Thousands of Pennsylvanians are preparing to hit the road, railways and airways this holiday season despite high gas prices, a still sluggish economy and the lingering effects from the havoc Superstorm Sandy wreaked on parts of the state last month.
AAA Mid-Atlantic projects 1.6 million Pennsylvanians will be traveling 50 miles or more away from home over the holiday weekend, between Wednesday and Sunday. Those figures project a slight increase of .3 percent over last year.
But the group's study was done before Sandy and the aftermath from the storm could ultimately make the numbers lower than 2011, AAA Mid-Atlantic spokeswoman Jenny Robinson said.
"It is too early to tell the full impact of Sandy for local Thanksgiving travel," Robinson said in a statement. "But many area travelers are affected by the storm, or have family and friends who are impacted, and are still figuring how to celebrate the holiday. Some folks are busy cleaning up storm damage, or trying to restock their kitchens after having to throw out spoiled food."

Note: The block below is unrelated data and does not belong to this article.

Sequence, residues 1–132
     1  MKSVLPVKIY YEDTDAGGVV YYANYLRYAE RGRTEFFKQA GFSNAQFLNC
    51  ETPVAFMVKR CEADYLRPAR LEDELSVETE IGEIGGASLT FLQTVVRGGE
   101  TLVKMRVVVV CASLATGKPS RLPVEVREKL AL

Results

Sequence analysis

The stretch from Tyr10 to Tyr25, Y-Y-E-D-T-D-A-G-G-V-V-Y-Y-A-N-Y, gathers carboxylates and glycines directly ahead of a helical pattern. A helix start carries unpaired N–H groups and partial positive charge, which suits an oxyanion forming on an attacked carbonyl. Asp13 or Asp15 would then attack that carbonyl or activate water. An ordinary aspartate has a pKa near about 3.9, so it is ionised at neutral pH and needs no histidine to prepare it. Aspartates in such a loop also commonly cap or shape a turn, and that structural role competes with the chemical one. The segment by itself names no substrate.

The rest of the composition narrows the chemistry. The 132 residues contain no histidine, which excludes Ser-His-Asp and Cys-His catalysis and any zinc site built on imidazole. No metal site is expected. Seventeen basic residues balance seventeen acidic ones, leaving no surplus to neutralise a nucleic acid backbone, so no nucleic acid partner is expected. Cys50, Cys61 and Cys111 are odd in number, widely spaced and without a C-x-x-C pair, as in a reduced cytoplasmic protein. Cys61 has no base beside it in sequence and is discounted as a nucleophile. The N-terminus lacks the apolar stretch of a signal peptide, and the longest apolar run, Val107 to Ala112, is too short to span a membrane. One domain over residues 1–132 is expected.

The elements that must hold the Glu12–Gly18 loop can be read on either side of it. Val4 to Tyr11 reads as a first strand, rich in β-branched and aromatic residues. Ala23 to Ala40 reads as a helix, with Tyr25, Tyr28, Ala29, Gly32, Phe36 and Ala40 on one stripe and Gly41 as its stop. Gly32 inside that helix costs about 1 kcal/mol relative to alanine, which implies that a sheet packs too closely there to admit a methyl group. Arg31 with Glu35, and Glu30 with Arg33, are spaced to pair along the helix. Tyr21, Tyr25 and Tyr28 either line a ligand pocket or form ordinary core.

The storm knocked out power to hundreds of thousands of customers across the state, especially in the Philadelphia area. Some customers were without electricity for days as utilities struggled to restore service. Other Pennsylvanians have been spending additional time and effort repairing hard-hit shore homes in neighboring New Jersey, Robinson said.
Gas prices also remain more than 20 cents a gallon above the national average in Pennsylvania, Robinson said, something that could further stunt travel figures.
"People are a little bit tapped out," she said.
Meanwhile, Pennsylvania State Police say they are stepping up enforcement efforts, including sobriety checkpoints, speed traps and other measures, for the five-day travel period.
State police said that during the Thanksgiving travel period last year, when travel was up, they responded to 122 crashes, made 28 DUI arrests and gave out 1,358 citations.
At Philadelphia International Airport, the pace was already starting to pick up Tuesday afternoon.
Olivia Melman, 22, is from Lower Merion and just started working in New York City in human relations for Citigroup. She was flying to Philadelphia from Chicago, where she had visited her boyfriend. The travel costs will set her back financially, but she didn't hesitate, because "My family's a priority."
"I think it's my personal style to say 'It's the holidays. Who cares?' And deal with the consequences later," she said. "Also, being home with my family definitely saves money."